Beyond making time, it’s important to identify and address your weaknesses, which doesn’t mean eliminating them. The worst things are different for everyone; try to hire people that enthusiastically excel where you struggle. Not only will it make you happier, but most importantly, the job will get done better. There’s no room for ego.

PW: What advice would you give someone who is interested in a similar career shift?

Jonathan Truppman: It is important to think holistically about your value-add as a lawyer. For example, clients certainly need somebody to write an exceptional brief—it is a critical task—but there are plenty of talented brief writers out there and even more in the pipeline.

To be successful, it is also important to leave your office. Prioritize forging relationships and building credibility and trust. Saying yes, keeping your head down, and just doing the work is not going to do you any favors in the long run. Businesses want people who have integrity, challenge assumptions and sometimes say no. Do people trust your judgement? Do you bring something beyond basic legal skills to the table? Just being a workhorse won’t distinguish you; the only reward for winning the pie-eating contest is more pie. Hard work is table stakes, but you have to make sure you are investing in professional and personal experiences that increase your value in the long run.

PW: Who were some mentors who inspired you? How have they impacted your work and relationships today?

Jonathan Truppman: A common thread across all my mentors is integrity.

At Paul, Weiss I had a number of mentors, but Les Fagen was probably the closest. I TA’ed the Trial Advocacy course he taught with Susanna Buergel at Columbia Law School and assisted with mock trials at SDNY. In addition, I worked on a number of his matters ranging from small, discrete personal representations to larger cases for Viacom and The Huffington Post.

Beyond legal excellence, he taught me how to communicate with people. With Les, the truth was never fancy, and it was always straight. Whether it was an anecdote about Judge Simon H. Rifkind storing exhibits in Florida orange cardboard boxes or his frequent reminders to never sweep anything under the rug, Les taught me to be acutely aware that you only lose your credibility once. Always wear the white hat and always be on the side of truth and justice, he told me.

Additionally, I clerked for the Honorable Victor Marrero in the Southern District of New York, who continues to be a mentor and one of the most compassionate and thoughtful individuals I have ever met. With a storied career in public service, Judge Marrero taught me to always be steeped in the law, but not to let your own legalese blind you to common sense and justice. I will always remember that once, after going down a bit of a rhetorical rabbit hole in my analysis, the judge paused, smiled and said, “Jonathan, when all legal tests fail, try the New York Post test: what would this look like on the front page?” Suffice it to say, I rewrote everything. It didn’t ultimately change the legal outcome, but the tone was much more balanced and humane. Writing concise and compelling legal arguments is necessary, but arguments are never sufficient when divorced from purpose.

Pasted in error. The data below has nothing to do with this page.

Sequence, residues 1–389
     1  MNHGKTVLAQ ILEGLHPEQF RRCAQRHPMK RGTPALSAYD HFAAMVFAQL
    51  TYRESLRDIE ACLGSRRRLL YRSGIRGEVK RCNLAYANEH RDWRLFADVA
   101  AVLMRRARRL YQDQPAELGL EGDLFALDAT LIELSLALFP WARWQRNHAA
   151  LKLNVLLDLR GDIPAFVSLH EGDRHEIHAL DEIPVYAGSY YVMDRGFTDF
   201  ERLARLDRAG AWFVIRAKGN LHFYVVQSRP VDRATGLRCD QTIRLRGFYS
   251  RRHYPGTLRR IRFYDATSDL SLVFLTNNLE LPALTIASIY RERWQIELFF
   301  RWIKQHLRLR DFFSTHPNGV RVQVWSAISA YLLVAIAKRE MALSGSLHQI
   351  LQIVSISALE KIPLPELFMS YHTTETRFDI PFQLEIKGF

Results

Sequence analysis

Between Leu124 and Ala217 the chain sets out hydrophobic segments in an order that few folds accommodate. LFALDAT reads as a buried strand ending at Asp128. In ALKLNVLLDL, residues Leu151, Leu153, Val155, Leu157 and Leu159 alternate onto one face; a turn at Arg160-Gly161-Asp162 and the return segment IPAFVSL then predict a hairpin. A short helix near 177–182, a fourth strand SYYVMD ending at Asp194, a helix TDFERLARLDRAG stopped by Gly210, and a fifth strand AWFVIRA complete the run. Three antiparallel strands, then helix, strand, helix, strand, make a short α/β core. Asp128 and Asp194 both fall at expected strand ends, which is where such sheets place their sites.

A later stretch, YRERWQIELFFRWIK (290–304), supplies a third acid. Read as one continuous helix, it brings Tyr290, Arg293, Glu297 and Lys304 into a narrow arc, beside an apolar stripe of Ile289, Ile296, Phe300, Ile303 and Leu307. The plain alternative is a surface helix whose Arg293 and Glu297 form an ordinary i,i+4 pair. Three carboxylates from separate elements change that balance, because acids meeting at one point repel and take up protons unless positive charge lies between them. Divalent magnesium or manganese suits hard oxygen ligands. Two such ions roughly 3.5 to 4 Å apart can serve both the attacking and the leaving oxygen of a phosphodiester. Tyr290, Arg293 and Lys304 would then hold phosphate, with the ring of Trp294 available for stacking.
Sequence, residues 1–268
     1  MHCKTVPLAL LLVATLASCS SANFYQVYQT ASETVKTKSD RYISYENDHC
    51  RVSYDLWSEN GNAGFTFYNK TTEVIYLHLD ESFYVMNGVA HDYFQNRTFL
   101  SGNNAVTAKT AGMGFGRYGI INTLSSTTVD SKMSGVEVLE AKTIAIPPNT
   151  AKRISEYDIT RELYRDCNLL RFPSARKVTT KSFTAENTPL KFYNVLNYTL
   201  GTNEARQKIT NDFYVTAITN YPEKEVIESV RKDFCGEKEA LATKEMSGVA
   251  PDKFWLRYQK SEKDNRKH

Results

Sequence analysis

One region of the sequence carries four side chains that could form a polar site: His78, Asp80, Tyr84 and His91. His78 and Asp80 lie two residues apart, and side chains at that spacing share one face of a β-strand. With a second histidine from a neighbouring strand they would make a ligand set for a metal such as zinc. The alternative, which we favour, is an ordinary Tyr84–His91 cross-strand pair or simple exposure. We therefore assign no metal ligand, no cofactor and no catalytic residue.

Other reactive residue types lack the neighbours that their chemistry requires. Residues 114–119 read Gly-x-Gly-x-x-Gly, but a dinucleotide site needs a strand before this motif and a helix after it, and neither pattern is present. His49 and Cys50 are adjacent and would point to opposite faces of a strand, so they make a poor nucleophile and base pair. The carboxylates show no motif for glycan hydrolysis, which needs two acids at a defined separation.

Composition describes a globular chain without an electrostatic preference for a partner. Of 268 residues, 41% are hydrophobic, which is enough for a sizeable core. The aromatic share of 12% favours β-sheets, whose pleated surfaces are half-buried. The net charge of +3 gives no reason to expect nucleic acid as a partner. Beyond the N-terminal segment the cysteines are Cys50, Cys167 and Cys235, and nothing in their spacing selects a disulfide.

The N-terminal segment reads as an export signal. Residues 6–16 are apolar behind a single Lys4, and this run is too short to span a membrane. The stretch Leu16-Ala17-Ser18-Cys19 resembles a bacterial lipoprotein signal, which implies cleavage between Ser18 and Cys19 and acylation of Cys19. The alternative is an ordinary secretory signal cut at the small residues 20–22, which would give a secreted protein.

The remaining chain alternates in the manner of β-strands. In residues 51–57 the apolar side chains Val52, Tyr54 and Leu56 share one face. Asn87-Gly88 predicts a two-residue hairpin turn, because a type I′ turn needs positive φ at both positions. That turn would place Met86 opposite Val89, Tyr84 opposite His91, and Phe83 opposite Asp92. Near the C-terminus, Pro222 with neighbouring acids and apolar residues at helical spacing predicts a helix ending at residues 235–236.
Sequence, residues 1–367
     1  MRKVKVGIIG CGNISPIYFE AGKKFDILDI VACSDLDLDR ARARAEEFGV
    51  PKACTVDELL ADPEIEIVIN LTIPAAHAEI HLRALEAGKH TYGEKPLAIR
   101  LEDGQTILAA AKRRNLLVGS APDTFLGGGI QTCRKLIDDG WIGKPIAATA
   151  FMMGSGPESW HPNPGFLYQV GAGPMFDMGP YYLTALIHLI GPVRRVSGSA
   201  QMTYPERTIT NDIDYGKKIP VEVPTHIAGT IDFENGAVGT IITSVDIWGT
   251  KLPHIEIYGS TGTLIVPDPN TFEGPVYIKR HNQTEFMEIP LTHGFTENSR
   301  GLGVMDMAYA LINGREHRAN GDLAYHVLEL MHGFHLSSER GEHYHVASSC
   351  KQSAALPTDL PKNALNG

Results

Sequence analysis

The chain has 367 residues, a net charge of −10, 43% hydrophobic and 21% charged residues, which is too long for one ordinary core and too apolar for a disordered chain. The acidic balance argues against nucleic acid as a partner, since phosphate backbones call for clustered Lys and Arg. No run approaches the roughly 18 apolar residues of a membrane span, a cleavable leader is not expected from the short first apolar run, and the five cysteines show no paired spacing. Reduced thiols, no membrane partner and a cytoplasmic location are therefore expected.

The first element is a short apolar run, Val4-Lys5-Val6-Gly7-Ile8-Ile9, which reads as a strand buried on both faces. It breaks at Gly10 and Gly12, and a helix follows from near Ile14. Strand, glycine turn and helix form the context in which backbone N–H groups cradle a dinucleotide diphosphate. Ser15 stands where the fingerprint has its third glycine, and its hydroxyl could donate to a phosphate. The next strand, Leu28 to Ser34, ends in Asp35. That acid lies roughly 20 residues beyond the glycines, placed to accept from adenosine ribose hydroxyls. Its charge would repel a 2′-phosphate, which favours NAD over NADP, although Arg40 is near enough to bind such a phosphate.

On a more personal level, my late grandfather, Eli Matalon, has always been a moral compass and north star. As one of 11 siblings, he rose from poverty to become mayor of Kingston, Jamaica—the island, not Queens—and served as minister of education and minister of national security and justice under former Prime Minister Michael Manley. My grandfather instilled in me the importance of family and collective perseverance—he and his siblings went to school in shifts due to a lack of shoes, and later built a family business through shared sacrifice. Nicknamed “the Sheriff,” he constantly reinforced the importance of integrity in everything you do, large or small, through his many refrains: “Your word is your bond,” “A liar and a thief is one and the same,” or “You only lose your reputation once.”